Blog AnalysisMediterranean seaMissions Operations

The Libyan coastguard corps being reconstituted

The San Giusto (© NGV / B2)

(B2 on the San Giusto, Malta) The training of Libyan coast guards and sailors is beginning to enter a more complete phase, as those responsible for Operation Sophia (EUNAVFOR Med) explained to a few journalists (including B2). ), during a briefing aboard the operation's flagship, the San Giusto, specially anchored in the port of Malta for the time of the informal meeting of Defense Ministers.

Three training cycles

Coast guard training takes place in three cycles, the first, called “basic training”, made it possible to train 93 sailors over a period of 14 weeks, from October 26, 2016 to February 13, 2017 on two ships, Italian and Dutch. . This training aims to provide the basics of the framework for action at sea: international humanitarian law, maritime law, search and rescue, fisheries control, maritime environmental protection, basic language skills (the English, international maritime language). A new cycle could take place “ if the Libyans ask for it ».


The second cycle of “improvement” is currently underway. It normally lasts 14 weeks and concerns groups of soldiers of different ranks. Some courses are quite theoretical, others more practical. A first session took place from January 30 to February 9 in Crete (Greece) for 20 experienced officers + 1 tutor, on different specialized theoretical points: the application of maritime legislation (MLE), intelligence, collection of evidence and crime scene investigations, coast guard organization, legal aspects, etc. A second session took place in Malta from March 6 to 17 and from March 27 to April 7, successively involving 12 officers on maritime legislation and 8 others on coordination.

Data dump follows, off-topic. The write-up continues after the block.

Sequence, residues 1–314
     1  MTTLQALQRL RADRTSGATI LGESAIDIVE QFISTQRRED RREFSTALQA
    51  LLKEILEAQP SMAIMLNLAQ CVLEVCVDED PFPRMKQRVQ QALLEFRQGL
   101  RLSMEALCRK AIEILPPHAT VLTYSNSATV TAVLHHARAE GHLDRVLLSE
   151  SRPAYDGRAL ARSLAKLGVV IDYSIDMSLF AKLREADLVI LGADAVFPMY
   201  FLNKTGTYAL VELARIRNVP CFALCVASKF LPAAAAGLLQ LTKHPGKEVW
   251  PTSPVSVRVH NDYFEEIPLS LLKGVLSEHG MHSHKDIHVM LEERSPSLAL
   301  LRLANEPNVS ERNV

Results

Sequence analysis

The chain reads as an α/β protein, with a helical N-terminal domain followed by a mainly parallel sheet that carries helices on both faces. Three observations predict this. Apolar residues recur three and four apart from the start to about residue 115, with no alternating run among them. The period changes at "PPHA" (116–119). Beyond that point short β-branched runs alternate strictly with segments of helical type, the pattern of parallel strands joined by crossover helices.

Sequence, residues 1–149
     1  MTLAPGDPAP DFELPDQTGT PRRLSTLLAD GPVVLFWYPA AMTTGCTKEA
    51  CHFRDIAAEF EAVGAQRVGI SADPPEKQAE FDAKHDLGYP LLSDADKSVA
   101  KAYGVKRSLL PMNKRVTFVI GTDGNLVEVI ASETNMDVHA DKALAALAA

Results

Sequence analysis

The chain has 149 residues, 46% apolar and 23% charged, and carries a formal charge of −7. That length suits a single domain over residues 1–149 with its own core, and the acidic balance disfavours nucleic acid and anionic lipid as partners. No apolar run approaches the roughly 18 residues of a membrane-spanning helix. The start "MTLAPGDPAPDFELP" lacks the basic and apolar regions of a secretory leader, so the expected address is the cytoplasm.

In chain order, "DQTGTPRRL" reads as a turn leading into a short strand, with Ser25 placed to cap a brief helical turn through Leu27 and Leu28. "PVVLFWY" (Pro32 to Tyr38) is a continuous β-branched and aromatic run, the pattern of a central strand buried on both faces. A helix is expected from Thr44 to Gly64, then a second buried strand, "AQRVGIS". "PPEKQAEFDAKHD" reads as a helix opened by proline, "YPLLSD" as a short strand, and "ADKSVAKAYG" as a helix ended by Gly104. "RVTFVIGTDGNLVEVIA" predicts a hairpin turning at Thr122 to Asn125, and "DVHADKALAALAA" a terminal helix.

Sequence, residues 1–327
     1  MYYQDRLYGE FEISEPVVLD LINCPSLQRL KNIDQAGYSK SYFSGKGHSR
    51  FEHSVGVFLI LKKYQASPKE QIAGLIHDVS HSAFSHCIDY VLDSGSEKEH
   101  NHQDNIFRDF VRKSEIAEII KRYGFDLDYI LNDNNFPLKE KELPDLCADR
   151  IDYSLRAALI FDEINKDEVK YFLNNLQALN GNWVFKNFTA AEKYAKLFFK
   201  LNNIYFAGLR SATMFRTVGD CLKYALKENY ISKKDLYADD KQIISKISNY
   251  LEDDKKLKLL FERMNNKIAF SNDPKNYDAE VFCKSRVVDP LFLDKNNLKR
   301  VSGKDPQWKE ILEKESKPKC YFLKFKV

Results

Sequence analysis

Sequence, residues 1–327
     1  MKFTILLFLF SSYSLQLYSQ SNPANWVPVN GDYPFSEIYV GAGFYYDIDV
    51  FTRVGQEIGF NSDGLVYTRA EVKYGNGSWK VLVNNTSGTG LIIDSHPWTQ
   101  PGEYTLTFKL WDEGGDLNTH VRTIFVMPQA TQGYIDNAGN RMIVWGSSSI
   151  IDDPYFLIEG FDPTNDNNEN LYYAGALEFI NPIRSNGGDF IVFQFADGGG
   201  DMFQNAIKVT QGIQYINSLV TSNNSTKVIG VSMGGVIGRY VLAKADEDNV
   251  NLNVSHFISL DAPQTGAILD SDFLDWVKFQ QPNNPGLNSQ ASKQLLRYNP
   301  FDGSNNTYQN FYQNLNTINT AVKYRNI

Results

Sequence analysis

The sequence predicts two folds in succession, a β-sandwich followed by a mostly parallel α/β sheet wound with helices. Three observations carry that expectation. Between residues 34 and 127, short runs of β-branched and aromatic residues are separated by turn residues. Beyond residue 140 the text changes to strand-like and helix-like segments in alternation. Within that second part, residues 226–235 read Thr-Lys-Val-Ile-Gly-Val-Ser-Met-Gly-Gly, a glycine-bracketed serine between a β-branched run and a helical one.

Italy should take over to train 255 trainees in total: 65 to train the crew of 5 patrol ships, 20 officers and 25 non-commissioned officers for maintenance, 25 operating room operators, 8 trainers, 56 assistants -officers. Another series of courses should take place in Spain to finalize this second cycle, with more technical training, on maintenance, maritime legislation, on-board visits and inspections for 36 trainees (Visit, board, search, and seizure or VBSS).

Finally, the third cycle should be properly operational, lasting around eight weeks, at sea, allowing crews and officers to put into practice all the theoretical knowledge gained in the various seminars. This, on board the ten patrol vessels, restored to operational condition by the Italians, and returned to the Libyan authorities (*).

The objective would thus be to have by the summer of 2017 a Libyan coast guard in working order, or at least an embryonic coast guard, with ten operational vessels, crews, maintenance personnel and command. With this training and the new ships promised by Italy, “ something could change » confirms the spokesperson for the operation, Captain Antonello de Renzis Sonnino. We hope so…

(Nicolas Gros-Verheyde)

(*) Ships which, for the most part, were under maintenance during the 2011 war and had been seized as part of the embargo put in place by the Allies and the United Nations

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Nicolas Gros Verheyde

Chief editor of the B2 site. Graduated in European law from the University of Paris I Pantheon Sorbonne and listener to the 65th session of the IHEDN (Institut des Hautes Etudes de la Défense Nationale. Journalist since 1989, founded B2 - Bruxelles2 in 2008. EU/NATO correspondent in Brussels for Sud-Ouest (previously West-France and France-Soir).